Elon Musk's Twitter abruptly suspends several journalists who cover Elon Musk and Twitter
Twitter suspended the accounts of reporters from The New York Times, The Washington Post, CNN, and several other news organizations Thursday evening, without explanation. Most of the suspended journalists cover Twitter and its new owner, Elon Musk, and Musk suggested on Twitter that the suspensions were tied to his new policy of not posting the real-time location of his private jet, or any user's "live location information."
Twitter on Wednesday banned the automated flight-tracking account @elonjet and its creator, 20-year-old Jack Sweeney. Musk blamed that account for a "crazy stalker" purportedly harassing a car carrying his young son through Los Angeles, though he didn't explain the connection.
CNN's Donie O'Sullivan said he was banned from Twitter after posting a screenshot of a Los Angeles Police Department statement that no such crime had been reported. Mashable tech reporter Matt Binder said his account was suspended after he posted a screenshot of O'Sullivan's tweet. "I did not share any location data, as per Twitter's new terms," Binder told The Associated Press. "Nor did I share any links to ElonJet or other location tracking accounts."
"Musk seems to be just stamping out accounts that he doesn't like," O'Sullivan said on CNN.
Twitter informed several of the reporters that their accounts are "permanently" suspended, but hasn't explained why. Musk tweeted that criticizing him is fine but "doxxing my real-time location and endangering my family is not"; that the "same doxxing rules apply to 'journalists' as to everyone else"; and that the suspended journalists "posted my exact real-time location, basically assassination coordinates, in (obvious) direct violation of Twitter terms of service." He also suggested the accounts would be suspended for seven days.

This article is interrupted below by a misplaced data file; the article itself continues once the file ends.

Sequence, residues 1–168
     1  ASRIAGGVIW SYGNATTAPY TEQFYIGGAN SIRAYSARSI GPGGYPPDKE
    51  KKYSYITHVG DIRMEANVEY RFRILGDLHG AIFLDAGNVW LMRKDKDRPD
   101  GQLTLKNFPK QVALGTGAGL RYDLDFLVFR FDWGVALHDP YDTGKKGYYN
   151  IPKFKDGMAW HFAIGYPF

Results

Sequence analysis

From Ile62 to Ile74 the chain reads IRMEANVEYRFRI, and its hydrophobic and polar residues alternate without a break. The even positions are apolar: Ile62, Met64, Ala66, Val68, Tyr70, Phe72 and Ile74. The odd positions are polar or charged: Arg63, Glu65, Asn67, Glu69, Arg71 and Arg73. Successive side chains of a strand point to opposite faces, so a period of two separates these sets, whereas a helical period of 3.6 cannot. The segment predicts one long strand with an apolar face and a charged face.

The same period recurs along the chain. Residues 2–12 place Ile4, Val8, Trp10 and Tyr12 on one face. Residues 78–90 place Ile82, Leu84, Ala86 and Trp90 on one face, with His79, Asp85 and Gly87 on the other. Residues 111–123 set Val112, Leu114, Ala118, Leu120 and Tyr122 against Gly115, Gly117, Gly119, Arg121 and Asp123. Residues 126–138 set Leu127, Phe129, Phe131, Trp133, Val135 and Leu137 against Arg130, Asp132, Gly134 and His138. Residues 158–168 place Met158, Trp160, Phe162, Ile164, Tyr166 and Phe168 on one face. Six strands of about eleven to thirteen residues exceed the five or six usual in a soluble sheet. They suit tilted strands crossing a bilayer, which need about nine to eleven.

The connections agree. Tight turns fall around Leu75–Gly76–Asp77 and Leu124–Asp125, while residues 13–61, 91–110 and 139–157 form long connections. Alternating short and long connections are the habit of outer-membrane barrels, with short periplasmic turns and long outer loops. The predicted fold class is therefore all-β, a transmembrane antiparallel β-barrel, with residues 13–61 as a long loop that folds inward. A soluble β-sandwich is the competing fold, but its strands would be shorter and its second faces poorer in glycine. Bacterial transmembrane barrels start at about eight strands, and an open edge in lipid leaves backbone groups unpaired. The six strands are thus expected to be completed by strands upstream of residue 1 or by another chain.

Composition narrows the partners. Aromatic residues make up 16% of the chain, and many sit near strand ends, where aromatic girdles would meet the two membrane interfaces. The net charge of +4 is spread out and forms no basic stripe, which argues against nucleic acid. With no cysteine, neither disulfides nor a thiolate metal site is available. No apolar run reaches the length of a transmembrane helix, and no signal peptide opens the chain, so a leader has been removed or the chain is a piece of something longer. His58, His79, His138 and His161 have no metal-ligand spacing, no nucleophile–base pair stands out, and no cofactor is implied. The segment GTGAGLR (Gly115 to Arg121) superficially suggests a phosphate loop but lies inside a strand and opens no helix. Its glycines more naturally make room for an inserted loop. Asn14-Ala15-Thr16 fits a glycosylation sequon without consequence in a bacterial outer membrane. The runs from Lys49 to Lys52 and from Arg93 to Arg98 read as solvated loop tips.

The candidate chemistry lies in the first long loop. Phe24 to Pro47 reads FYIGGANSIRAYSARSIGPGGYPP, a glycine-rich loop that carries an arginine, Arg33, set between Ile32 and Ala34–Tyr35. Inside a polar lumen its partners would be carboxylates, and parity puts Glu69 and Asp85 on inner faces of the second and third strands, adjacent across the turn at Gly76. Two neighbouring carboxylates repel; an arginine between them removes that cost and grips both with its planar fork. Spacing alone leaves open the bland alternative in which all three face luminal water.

"None of the tweets from suspended reporters that the Post has reviewed revealed the location of Musk or his family," The Washington Post reports.
The Post, the Times, CNN, and the nonprofit Committee to Protect Journalists all criticized Twitter's opaque and seemingly arbitrary suspension of journalists, especially given Musk's avowed commitment to "free speech."
"It's impossible to square Twitter's free speech aspirations with the purging of critical journalists' accounts," ACLU executive director Anthony Romero said in a statement. "The First Amendment protects Musk's right to do this, but it's a terrible decision." Paul Barrett, at the NYU Stern Center for Business and Human Rights, called the suspensions "surely the dumbest and most hypocritical move Elon Musk has made as owner and 'Chief Twit.'"
The journalists suspended Thursday included Ryan Mac at the Times, Drew Harwell at the Post, Voice of America's Steve Herman, Micah Lee of The Intercept, and independent journalists Aaron Rupar, Keith Olberman, and Tony Webster.